Hmm, interesting point. I suppose my problem or motivation (depending on how you look at it) is that every time I play a great game I am trying to figure out how it works. Upon further reflection, I think what originally drew me into game development was the idea that I could create and design my own little world and then share it with everyone else. This is still a desire of mine, the problem has now become "what world can I dream up that is worth sharing?"


I feel the same way actually. But I think I have an answer. The answer imo is: whatever world you find fun and interesting that isn't already available to people.

#10 Schwartz86   Members   -  Reputation: 102

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Posted 25 February 2011 - 12:20 PM

I think reading fiction is a really good idea. Don't "make an attempt to make some time." Read!
I've got some fiction books listed in my recommended game design books at http://www.sloperama...ice/lesson8.htm


Your site is a great resource. Thanks for taking the time to create valuable content for aspiring game developers. Also, I didn't realize chicks digged game designers (referencing lesson 26) :)

#11 sunandshadow   Moderators   -  Reputation: 6388

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Posted 25 February 2011 - 02:20 PM

Upon further reflection, I think what originally drew me into game development was the idea that I could create and design my own little world and then share it with everyone else. This is still a desire of mine, the problem has now become "what world can I dream up that is worth sharing?"

In response to "Why do you hesitate to say "I quit making games forever"?", I believe/hope what I am going through is just the equivalent of a writer's block. I think if every writer would quit writing forever whenever they experienced writer's block, the fiction section of books stores would be rather sparse in comparison.


I've thought about these kind of issues, although more with regards to writing fiction than game design. My major motivation to be a writer or game designer was that I could always imagine things that would be a ton of fun to read/play, but didn't exist. If, as a young teen, you go on a forum or to a club whining about "Why doesn't someone make XYZ that would be soooo awesome!" one of the first things you will be told is, "If you think it's awesome, why don't you make it yourself." At the time I also had a huge respect for authors and designers, it was probably the closes I came to having real-life heroes. But it had never occurred to me that I could BE one, despite having had various creative writing assignments and art assignments and even a few assignments to program in basic. (Yes my elementary school was really that cool). At any rate I swallowed whole the idea that I should create my visions, without really thinking much about it. Story ideas are still my favorite thing to spend time thinking about, so becoming a writer or a game designer seemed like a good excuse to think about fun stuff all day.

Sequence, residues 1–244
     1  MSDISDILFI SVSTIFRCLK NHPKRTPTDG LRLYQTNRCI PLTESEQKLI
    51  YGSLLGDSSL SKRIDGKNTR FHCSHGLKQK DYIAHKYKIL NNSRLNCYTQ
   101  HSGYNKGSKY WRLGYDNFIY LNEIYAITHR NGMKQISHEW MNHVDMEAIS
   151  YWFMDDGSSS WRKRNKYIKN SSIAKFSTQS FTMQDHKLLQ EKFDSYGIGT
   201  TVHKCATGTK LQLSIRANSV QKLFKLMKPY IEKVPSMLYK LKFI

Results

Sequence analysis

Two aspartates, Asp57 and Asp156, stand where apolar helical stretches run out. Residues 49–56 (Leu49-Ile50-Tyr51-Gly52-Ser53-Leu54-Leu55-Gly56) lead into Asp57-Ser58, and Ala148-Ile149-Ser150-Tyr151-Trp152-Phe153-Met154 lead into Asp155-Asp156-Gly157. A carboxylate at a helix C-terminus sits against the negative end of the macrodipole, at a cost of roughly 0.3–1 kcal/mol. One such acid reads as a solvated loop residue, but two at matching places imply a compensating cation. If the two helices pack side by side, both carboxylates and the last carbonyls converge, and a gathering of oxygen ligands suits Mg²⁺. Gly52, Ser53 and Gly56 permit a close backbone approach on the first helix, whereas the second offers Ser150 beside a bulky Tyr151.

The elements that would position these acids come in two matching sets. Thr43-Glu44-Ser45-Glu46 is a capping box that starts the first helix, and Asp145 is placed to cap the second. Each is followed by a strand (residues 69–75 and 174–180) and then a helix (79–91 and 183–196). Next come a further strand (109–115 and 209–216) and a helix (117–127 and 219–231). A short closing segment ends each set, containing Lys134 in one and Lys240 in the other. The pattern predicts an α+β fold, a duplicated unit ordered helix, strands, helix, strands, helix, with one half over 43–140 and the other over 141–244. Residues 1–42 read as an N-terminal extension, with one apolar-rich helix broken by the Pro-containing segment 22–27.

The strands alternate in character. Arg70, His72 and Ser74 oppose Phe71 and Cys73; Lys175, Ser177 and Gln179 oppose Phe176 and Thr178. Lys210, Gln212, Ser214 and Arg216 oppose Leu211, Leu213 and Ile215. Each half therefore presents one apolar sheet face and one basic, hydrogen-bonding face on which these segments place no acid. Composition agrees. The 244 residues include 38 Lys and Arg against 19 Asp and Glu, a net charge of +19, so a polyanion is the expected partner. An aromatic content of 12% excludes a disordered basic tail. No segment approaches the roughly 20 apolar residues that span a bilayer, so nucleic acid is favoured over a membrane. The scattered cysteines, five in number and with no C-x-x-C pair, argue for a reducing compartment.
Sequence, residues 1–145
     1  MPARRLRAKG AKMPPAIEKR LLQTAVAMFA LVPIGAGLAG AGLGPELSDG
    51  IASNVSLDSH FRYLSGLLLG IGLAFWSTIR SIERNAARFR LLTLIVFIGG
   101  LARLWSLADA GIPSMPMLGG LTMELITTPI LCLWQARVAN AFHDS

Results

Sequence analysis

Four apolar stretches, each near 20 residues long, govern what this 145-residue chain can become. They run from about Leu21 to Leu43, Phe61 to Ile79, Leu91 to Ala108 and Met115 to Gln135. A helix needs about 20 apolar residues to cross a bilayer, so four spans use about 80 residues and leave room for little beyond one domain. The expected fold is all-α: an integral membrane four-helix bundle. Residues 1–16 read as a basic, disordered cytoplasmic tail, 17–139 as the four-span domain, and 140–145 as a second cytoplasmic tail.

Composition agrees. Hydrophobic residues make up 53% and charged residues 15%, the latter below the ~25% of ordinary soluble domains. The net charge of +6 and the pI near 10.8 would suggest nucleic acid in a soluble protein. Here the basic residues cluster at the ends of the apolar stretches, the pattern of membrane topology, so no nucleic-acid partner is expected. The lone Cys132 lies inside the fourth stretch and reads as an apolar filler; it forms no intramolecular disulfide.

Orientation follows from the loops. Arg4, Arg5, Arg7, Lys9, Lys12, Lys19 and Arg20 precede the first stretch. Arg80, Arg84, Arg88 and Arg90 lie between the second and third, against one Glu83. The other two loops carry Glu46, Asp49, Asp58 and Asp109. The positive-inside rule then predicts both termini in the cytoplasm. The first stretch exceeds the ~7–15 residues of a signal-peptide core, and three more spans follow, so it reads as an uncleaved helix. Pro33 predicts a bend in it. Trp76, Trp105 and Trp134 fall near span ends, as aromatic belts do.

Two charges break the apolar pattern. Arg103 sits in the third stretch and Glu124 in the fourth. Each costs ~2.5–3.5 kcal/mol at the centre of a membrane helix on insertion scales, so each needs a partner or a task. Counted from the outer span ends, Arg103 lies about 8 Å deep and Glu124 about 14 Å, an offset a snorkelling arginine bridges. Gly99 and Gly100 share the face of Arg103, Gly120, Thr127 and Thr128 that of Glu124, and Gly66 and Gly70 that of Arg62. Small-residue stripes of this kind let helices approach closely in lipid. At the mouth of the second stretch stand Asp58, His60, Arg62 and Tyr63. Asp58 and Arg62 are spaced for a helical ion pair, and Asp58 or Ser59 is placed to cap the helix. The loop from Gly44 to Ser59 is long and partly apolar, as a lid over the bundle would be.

In college I majored in English, including taking some creative writing courses, and did a lot of art on the side, joined this forum, a year or two later was made a moderator, and also participated in several utter failures of game making projects. But by the end of college I was writing very little fiction and drawing less. Why? I don't think it was due to any decrease in creativity - that might be just me, people have several times told me I will always mentally be a teenager. My sister told me that over the past decade I have at least matured from being mentally 14 to being mentally 18, not sure if that's a win or a loss, lol. Gaming and reading are still my favorite hobbies and I do both every week. I have new story ideas regularly. So why don't I write them down?

Well, for one thing I took a lot of verbal abuse on the art side of things. The art community has this cultural belief that vicious criticism is appropriate and somehow useful. Maybe for some personalities that works, but I personally found it damaging, to the point where I have to dredge up my courage and steel myself every time I want to post a piece of my art online or read comments anyone makes on it. I got my art to the point where I was personally happy with it, yet other people still seemed to think it was horrible. With writing I fortunately never ran into that, but instead I ran into huge amounts of indifference - I'd have some idea I thought was really great, post about it, and crickets would chirp. Maybe one person would say it sounded like something they would like to read. Yet, much stupider ideas (IMO) would get lots of more enthusiastic responses. It just doesn't seem worth the effort of writing something not very many people are going to like. At the same time my opinion of the average person has gotten a lot lower since I began college. So, finally responding to the quoted post above, I've come to believe there isn't an audience worth sharing my worlds with.